• Storage of Volatile Organic Liquids in Fixed Roof Tanks and External Floating Roof Tanks (OAC Rule 3745-21-21)
  • Control of Volatile Organic Compound Emissions from Offset Lithographic Printing and Letterpress Printing Facilities (OAC Rule 3745-21-22)
  • Control of Volatile Organic Compound Emissions from Industrial Solvent Cleaning Operations (OAC Rule 3745-21-23)
  • Flat Wood Paneling Coatings (OAC Rule 3745-21-24)
  • Control of Volatile Organic Compound Emissions from Reinforced Plastic Composites Production Operations (OAC Rule 3745-21-25)
  • Surface coating of miscellaneous metal and plastic parts (OAC Rule 3745-21-26)
  • Boat Manufacturing (OAC Rule 3745-21-27)
  • Miscellaneous Industrial Adhesives and Sealants (OAC Rule 3745-21-28)
  • Control of Volatile Organic Compound Emissions from Automobile and Light-duty Truck Assembly Coating Operations, Heavier Vehicle Assembly Coating Operations and Cleaning Operations Associated with These Coating Operations (OAC Rule 3745-21-29).

Ohio EPA has acknowledged that the proposed changes to OAC Rule 3745-21 requirements will present significant challenges for new and modified major sources in the Cleveland and Cincinnati areas. However, Ohio EPA has stressed the changes are necessary in order to meet the ozone National Ambient Air Quality Standards by the next attainment date of August 3, 2024 and to avoid redesignation to serious nonattainment.

Ohio EPA is currently accepting public comment on the draft revision on or before June 18, 2021. CEC will continue to monitor the Ohio EPA rule-making decisions as they move forward and provide updates as we learn more. CEC is committed to staying in front of regulatory changes as they are finalized and are ready to handle any permitting and compliance challenges as they arise to best serve our clients.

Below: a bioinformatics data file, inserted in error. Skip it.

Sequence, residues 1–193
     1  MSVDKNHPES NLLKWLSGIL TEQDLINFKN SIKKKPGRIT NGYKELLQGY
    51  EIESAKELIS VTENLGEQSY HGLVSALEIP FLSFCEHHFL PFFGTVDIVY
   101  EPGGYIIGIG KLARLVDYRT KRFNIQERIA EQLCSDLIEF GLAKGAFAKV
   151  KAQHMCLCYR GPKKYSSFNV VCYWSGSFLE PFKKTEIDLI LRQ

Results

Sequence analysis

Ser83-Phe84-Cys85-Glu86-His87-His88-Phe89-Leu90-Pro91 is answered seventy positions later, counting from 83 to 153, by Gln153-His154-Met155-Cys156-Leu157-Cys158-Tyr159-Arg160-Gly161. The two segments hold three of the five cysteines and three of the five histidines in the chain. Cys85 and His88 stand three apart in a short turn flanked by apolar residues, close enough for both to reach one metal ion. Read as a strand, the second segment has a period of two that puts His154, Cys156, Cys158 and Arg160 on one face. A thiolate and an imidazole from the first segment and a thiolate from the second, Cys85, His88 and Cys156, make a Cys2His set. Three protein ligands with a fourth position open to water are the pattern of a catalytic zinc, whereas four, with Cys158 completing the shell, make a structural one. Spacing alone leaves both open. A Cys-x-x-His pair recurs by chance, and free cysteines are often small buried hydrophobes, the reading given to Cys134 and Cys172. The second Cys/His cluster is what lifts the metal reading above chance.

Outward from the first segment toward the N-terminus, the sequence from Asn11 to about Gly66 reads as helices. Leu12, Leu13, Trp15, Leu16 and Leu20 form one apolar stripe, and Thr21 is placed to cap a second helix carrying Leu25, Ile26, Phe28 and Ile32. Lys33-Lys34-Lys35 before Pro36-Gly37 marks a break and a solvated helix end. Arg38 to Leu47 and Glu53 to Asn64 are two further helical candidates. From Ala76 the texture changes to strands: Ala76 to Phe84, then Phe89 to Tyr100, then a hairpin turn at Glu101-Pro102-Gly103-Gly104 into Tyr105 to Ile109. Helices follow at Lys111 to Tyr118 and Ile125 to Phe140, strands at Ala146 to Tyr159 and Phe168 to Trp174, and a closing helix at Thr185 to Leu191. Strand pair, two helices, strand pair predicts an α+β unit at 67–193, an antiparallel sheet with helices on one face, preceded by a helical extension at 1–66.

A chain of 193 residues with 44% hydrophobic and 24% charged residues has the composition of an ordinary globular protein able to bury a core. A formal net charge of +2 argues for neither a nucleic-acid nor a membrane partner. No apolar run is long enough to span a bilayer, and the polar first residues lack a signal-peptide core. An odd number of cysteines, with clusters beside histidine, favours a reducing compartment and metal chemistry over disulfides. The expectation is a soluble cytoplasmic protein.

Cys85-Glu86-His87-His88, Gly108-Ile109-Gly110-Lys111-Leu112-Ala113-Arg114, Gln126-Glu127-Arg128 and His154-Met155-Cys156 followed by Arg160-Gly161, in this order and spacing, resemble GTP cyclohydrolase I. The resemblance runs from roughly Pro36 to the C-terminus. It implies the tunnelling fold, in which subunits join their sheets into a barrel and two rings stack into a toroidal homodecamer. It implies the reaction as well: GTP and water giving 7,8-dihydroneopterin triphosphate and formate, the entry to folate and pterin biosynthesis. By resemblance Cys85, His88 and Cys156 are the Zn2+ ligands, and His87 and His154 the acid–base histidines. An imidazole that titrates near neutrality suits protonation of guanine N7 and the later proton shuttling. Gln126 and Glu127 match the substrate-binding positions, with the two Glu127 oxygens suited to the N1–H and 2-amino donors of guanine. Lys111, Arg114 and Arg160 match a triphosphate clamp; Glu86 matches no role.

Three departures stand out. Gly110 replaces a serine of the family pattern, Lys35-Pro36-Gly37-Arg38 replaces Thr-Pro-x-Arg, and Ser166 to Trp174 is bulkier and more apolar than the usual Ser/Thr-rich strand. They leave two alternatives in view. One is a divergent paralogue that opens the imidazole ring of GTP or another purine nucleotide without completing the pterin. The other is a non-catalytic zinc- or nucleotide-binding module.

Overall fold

For more information on the possible effects of these rule changes, contact Sarah Buzas of CEC’s Cleveland office at 440.544.1512 or via email at sbuzas@cecinc.com.


 
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Our multidisciplinary team of air quality experts provides comprehensive consulting and measurement services that cost-effectively balance operational flexibility and regulatory compliance. Our in-house QSTI-certified testing personnel perform source emissions testing using continuous emissions monitoring systems and other specialized instruments. Through a joint evaluation by the Stack Testing Accreditation Council (STAC) and the American Association for Laboratory Accreditation (A2LA), CEC is an accredited Air Emission Testing Body (AETB). CEC is ranked #10 in Clean Air Compliance among the Top 500 Design Firms by Engineering News-Record.

 

About the Author


Sarah Buzas

Sarah is an environmental scientist with extensive knowledge of the Ohio EPA and Federal EPA Air Permitting program. Her areas of expertise are in air compliance, modeling, and permitting, with additional experience in performing Phase I work and assisting in solid waste landfill reporting and compliance.